Patient education Patient should be aware of all the possible options of delivery and risks and benefits of each of them. The elective Cesarean section carries its own risks to the mother, but it reduces the perinatal and immediate postnatal complications to the newborn. However the mode of delivery does not influence long term adverse consequences to the baby, [4] but the woman might have risk of abnormal placentation, uterine rupture and postpartum hemorrhage. [2,3] Women with any contraindication for a vaginal breech delivery should be advised to proceed to a cesarean section.
Analgesia Adequate analgesia should be supplied, depending on the patient’s request. [1,2]
References
  1. GINA LOWDON. Breech Presentation: Caesarean operation versus normal birth. AIMS Journal Autumn [online] 1998: 10 (3) [viewed 17 April 2014] Available from: http://www.aims.org.uk/Journal/Vol10No3/breechCSvsNormal.htm
  2. THE MANAGEMENT OF BREECH PRESENTATION. Green-top Guideline No. 20b [online] [viewed 17 April 2014] Available from: http://www.rcog.org.uk/files/rcog-corp/GtG%20no%2020b%20Breech%20presentation.pdf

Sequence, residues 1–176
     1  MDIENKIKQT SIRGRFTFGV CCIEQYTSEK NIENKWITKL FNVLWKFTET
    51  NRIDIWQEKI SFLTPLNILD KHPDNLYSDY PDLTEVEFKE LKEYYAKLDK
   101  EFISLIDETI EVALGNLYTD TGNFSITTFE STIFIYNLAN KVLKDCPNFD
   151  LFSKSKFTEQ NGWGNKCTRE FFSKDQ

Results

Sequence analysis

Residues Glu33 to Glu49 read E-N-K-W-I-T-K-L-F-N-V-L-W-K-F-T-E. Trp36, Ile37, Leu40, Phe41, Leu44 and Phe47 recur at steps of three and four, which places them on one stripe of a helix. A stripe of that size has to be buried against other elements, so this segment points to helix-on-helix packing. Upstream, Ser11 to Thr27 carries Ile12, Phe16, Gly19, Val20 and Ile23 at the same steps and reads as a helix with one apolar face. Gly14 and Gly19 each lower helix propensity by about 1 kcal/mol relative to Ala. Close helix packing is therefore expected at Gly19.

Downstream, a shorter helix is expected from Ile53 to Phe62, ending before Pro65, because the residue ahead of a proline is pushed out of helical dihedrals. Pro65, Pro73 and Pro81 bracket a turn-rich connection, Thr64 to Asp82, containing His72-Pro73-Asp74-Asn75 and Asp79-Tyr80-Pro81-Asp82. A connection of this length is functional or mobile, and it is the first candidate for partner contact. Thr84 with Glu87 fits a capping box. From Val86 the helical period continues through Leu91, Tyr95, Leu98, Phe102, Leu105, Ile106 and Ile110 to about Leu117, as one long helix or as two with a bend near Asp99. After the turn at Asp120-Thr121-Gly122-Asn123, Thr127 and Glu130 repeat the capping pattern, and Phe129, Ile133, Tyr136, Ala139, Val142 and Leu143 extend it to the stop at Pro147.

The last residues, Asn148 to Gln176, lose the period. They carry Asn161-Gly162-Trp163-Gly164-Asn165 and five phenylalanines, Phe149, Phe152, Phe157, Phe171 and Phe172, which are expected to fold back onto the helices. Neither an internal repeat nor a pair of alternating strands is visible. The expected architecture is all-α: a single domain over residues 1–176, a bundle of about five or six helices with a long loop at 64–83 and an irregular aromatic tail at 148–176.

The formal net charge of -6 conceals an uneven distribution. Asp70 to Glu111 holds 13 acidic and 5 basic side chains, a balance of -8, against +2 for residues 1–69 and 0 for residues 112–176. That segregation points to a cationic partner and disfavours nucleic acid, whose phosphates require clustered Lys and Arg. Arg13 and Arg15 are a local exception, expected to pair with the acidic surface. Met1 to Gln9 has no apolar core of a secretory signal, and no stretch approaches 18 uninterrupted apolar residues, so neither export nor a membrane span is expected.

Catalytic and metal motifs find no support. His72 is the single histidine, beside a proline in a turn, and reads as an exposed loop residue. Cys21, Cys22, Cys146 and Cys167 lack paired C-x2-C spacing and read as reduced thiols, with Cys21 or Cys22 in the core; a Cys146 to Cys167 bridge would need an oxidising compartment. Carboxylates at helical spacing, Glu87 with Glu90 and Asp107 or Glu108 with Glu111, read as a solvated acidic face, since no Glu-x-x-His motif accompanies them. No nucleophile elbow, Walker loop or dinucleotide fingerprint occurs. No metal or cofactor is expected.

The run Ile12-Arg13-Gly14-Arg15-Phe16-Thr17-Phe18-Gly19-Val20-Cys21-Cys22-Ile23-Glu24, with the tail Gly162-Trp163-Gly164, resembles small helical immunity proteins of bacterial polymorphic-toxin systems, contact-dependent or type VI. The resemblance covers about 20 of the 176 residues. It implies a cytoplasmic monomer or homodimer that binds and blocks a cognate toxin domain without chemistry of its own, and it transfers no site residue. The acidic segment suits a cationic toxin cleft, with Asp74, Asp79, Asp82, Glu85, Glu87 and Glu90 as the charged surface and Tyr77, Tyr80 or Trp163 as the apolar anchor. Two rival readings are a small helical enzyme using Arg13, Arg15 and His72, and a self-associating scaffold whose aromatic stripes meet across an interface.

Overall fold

3. KOK N, RUITER L, HOF M, et al. Risk of maternal and neonatal complications in subsequent pregnancy after planned caesarean section in a first birth, compared with emergency caesarean section: a nationwide comparative cohort study. BJOG. [online] 2014;121(2):216-23. [viewed 17 April 2014] Available from: DOI: 10.1111/1471-0528.12483
  4. HOFMEYR GJ, HANNAH ME. Planned caesarean section for term breech delivery (Review) Cochrane Database of Systematic Reviews [online] 2003: 2. [viewed 18 April 2014] Available from: DOI: 10.1002/14651858.CD000166.

Management - Specific Treatments

Fact Explanation
Vaginal breech delivery [2] Either spontaneous, assisted or total breech extraction is practiced. Footling breech, kneeling breech, large babies (more than 4000g) [6], intrauterine growth retardation (smaller than 2000g) [6], hyperextended fetal neck and past cesarean section are contraindications for vaginal breech delivery. [1,3] Frank and complete breech presentations are favorable for vaginal breech delivery. [2] The woman should be in dorsal or lithotomy position. [3] A wide episiotomy should be done with the crowning of breech. The arms should be delivered using the Lovset manoeuvre (baby’s arms are swept across the face.) The flexion of the after coming head is facilitated by applying supra-pubic pressure or by Mauriceau-Smellie-Veit manoeuvre (head is pushed up in to the uterine cavity and rotated to facilitate better engagement.) Burns-Marshall method (holding the feet of the baby swing it towards the mothers abdomen after the hair becomes visible) , Mariceau-Smellie-Veit manoeuvre (while one person is applying supra-pubic pressure the other one should palpate the baby’s maxillary prominences from the left index and middle fingers. Pressure is applied over the maxillary prominences and gentle flexion of the head is achieved.) or forceps can also be used to deliver the after coming head. If all the above failed symphysiotomy or caesarean section can be done. [3]